Inside The Struggle For Electronic Health Record Interoperability

Greg Otto | FedScoop | August 20, 2014

It is a growing issue everywhere from the examination table in your physician’s office to your hospital system’s database to the halls of Capitol Hill. The health care system at large is trying to move your health record off of a paper chart and into the digital space. Furthermore, your electronic health record (or EHR in health care parlance) should be able to to freely move between your physician to your hospital or anywhere crucial in between. Only that increasingly isn’t the case.

Over the past few months, stories have popped up chronicling doctors’, clinicians’ or other health care providers’ headaches moving to and/or accessing EHRs. The chorus of complaints has led the Senate Appropriations Committee to submit language in a draft bill that calls for a report from the Department of Health and Human Services’ Office of the National Coordinator for Health Information Technology (ONC) on what “the challenges and barriers” are to EHR interoperability.” Whatever challenges and barriers there are, it is clear both hospitals and office-based physicians are struggling to meet HHS’ Meaningful Use Criteria, which include interoperability guidelines.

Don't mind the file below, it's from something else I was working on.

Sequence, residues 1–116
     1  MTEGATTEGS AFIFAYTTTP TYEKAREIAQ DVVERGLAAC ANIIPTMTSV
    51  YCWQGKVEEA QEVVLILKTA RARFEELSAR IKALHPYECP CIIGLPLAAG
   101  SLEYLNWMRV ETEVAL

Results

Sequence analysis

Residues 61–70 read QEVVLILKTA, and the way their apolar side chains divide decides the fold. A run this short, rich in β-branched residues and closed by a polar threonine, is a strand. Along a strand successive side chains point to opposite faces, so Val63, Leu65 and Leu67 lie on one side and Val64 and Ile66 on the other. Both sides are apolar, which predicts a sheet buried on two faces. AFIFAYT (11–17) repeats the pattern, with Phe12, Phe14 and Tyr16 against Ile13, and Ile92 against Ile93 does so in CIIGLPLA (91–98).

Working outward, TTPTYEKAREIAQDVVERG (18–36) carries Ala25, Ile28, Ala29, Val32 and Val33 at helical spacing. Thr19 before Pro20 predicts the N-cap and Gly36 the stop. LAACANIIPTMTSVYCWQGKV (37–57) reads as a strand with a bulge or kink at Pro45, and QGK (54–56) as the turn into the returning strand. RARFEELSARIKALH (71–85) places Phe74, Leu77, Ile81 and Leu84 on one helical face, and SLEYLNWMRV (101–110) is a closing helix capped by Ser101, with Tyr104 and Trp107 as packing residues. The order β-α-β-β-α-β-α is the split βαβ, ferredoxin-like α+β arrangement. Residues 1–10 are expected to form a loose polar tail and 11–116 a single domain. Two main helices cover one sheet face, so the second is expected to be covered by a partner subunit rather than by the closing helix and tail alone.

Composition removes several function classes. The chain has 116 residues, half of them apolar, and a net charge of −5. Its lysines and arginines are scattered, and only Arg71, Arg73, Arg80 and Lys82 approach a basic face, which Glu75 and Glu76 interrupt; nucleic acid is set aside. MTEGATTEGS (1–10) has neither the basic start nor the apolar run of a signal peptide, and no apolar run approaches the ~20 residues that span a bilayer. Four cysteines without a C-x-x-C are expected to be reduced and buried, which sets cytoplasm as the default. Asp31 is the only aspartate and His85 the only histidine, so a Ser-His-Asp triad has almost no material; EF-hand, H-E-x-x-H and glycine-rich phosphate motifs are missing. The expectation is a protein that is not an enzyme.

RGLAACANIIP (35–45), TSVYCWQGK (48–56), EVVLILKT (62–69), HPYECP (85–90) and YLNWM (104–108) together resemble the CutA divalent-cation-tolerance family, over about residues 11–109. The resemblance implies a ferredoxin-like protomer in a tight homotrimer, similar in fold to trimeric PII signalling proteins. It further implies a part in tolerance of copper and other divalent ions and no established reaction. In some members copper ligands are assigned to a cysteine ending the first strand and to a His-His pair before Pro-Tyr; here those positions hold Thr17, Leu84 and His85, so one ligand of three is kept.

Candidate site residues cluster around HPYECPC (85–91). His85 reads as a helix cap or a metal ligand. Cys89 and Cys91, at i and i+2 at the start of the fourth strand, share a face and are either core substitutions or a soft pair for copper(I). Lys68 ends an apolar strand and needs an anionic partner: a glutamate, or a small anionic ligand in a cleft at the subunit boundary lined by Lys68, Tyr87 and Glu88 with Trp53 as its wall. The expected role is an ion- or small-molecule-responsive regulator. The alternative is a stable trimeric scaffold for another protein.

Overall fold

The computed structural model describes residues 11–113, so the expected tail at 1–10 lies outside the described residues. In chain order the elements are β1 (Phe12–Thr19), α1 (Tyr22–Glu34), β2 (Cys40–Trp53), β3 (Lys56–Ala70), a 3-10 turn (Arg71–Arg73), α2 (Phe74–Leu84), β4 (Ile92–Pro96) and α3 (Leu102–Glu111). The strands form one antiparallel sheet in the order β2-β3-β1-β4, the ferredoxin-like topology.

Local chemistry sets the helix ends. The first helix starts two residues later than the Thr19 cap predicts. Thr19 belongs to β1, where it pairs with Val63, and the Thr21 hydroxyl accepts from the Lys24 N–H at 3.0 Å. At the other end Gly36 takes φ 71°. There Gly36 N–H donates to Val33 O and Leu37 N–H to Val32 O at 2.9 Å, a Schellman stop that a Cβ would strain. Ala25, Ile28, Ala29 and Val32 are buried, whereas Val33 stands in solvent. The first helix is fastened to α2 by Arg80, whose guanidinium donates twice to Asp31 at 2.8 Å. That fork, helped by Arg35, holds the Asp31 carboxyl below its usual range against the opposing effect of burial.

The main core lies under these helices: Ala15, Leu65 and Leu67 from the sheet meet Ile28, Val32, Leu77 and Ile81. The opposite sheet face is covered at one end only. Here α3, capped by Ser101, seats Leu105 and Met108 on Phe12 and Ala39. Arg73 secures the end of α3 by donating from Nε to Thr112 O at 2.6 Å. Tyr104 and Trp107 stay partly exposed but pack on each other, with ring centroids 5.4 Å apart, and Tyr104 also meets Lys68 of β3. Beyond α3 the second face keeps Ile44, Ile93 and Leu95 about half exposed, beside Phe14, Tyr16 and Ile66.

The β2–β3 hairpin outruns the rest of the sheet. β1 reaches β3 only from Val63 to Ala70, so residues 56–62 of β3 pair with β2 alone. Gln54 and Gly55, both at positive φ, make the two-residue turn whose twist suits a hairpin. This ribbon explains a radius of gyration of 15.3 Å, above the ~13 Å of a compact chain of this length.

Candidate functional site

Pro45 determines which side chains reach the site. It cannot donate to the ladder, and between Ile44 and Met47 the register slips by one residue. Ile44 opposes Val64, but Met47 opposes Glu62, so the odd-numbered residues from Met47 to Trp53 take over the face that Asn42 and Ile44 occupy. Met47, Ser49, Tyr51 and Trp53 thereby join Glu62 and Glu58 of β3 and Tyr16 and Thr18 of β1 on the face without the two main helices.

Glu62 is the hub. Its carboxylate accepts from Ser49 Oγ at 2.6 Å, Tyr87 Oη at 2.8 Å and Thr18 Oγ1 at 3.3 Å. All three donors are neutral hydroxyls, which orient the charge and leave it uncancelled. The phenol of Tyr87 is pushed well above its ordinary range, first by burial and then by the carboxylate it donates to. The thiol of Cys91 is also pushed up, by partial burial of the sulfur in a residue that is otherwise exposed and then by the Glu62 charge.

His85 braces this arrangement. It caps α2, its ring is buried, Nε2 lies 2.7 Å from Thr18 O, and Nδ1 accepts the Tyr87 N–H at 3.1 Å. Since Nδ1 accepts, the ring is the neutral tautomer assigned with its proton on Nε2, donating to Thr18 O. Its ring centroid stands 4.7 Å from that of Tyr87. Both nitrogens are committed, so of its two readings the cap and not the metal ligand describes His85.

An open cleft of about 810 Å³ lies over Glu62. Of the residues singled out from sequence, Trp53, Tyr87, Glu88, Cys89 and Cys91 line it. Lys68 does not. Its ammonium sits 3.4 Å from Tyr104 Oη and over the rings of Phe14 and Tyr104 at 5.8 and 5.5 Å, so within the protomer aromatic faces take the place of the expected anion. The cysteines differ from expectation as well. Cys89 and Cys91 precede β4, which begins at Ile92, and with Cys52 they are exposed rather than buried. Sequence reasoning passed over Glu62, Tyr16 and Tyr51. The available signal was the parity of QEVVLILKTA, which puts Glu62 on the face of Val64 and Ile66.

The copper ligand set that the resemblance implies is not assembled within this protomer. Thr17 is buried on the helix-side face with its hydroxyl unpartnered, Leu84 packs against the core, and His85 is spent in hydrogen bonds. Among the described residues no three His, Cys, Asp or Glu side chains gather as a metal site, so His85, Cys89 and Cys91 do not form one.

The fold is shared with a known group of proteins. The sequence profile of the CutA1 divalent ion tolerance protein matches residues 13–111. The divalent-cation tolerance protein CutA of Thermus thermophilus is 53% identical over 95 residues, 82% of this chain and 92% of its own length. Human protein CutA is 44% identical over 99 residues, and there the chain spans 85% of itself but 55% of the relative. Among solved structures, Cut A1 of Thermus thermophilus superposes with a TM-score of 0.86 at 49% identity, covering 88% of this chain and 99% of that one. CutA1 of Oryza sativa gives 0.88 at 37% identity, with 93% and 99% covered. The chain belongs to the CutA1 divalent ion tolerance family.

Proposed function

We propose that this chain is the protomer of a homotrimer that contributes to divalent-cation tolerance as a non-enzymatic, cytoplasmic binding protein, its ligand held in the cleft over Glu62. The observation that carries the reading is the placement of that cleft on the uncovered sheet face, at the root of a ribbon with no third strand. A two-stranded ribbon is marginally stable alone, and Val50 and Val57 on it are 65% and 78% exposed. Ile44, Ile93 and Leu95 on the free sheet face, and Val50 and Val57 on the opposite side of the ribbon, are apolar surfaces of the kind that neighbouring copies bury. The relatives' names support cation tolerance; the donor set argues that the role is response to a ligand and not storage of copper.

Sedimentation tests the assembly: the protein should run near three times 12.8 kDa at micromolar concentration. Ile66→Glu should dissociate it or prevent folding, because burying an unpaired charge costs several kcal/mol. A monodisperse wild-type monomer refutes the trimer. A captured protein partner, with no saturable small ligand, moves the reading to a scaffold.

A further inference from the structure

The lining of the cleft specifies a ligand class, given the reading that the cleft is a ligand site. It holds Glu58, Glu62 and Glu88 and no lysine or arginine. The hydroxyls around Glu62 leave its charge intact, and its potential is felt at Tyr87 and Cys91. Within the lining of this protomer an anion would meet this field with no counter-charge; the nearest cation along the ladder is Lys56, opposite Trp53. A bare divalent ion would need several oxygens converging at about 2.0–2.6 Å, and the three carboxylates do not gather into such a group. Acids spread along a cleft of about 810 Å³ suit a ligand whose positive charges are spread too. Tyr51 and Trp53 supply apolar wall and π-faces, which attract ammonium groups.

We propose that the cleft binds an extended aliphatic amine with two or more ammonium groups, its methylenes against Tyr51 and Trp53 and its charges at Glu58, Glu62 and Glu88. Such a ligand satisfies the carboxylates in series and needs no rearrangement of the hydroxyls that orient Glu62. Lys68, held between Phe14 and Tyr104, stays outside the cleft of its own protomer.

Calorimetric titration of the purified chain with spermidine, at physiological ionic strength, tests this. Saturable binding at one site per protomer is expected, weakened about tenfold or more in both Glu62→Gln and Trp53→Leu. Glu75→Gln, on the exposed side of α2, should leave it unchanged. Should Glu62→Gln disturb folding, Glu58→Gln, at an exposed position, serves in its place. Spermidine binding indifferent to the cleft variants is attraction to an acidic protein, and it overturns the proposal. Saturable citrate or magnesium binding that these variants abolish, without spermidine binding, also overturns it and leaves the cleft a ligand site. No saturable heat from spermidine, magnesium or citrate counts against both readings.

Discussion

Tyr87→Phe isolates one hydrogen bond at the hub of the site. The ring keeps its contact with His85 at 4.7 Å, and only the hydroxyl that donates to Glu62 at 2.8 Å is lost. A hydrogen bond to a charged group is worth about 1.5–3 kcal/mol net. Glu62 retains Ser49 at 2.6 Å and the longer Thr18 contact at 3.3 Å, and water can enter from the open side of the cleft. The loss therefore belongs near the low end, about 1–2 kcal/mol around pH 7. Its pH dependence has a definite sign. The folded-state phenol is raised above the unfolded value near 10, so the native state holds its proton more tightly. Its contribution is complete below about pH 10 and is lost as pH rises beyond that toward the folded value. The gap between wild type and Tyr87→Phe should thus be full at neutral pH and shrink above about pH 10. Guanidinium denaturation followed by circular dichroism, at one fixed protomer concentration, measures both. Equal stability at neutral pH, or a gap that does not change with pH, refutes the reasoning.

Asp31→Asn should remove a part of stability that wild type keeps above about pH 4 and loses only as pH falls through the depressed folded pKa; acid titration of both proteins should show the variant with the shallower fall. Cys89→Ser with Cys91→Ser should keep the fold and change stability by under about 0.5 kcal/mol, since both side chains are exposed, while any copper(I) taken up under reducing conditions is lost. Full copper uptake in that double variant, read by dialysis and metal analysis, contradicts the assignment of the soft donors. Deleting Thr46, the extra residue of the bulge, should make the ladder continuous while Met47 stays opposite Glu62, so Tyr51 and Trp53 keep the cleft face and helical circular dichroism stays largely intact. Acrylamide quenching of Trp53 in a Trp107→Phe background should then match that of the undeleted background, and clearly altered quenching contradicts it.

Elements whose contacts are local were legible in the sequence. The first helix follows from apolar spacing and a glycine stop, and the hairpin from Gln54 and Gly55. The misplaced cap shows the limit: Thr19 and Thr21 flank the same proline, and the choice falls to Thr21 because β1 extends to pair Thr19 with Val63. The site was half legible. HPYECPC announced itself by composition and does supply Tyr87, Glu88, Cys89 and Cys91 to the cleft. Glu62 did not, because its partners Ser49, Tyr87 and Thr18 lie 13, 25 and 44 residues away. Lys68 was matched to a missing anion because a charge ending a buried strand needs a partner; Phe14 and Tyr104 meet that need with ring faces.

In a study published in the September 2014 issue of Health Affairs, a number of analysts — including some working for ONC — found that while the rates of hospitals adopting basic EHRs continue to rise, only 5.8 percent of hospitals surveyed were able to meet all of 16 core objectives put forth in HHS’ Meaningful Use Criteria. The areas in which hospitals were most lacking were providing patients with the ability to view and download their information and sending care summaries between care settings...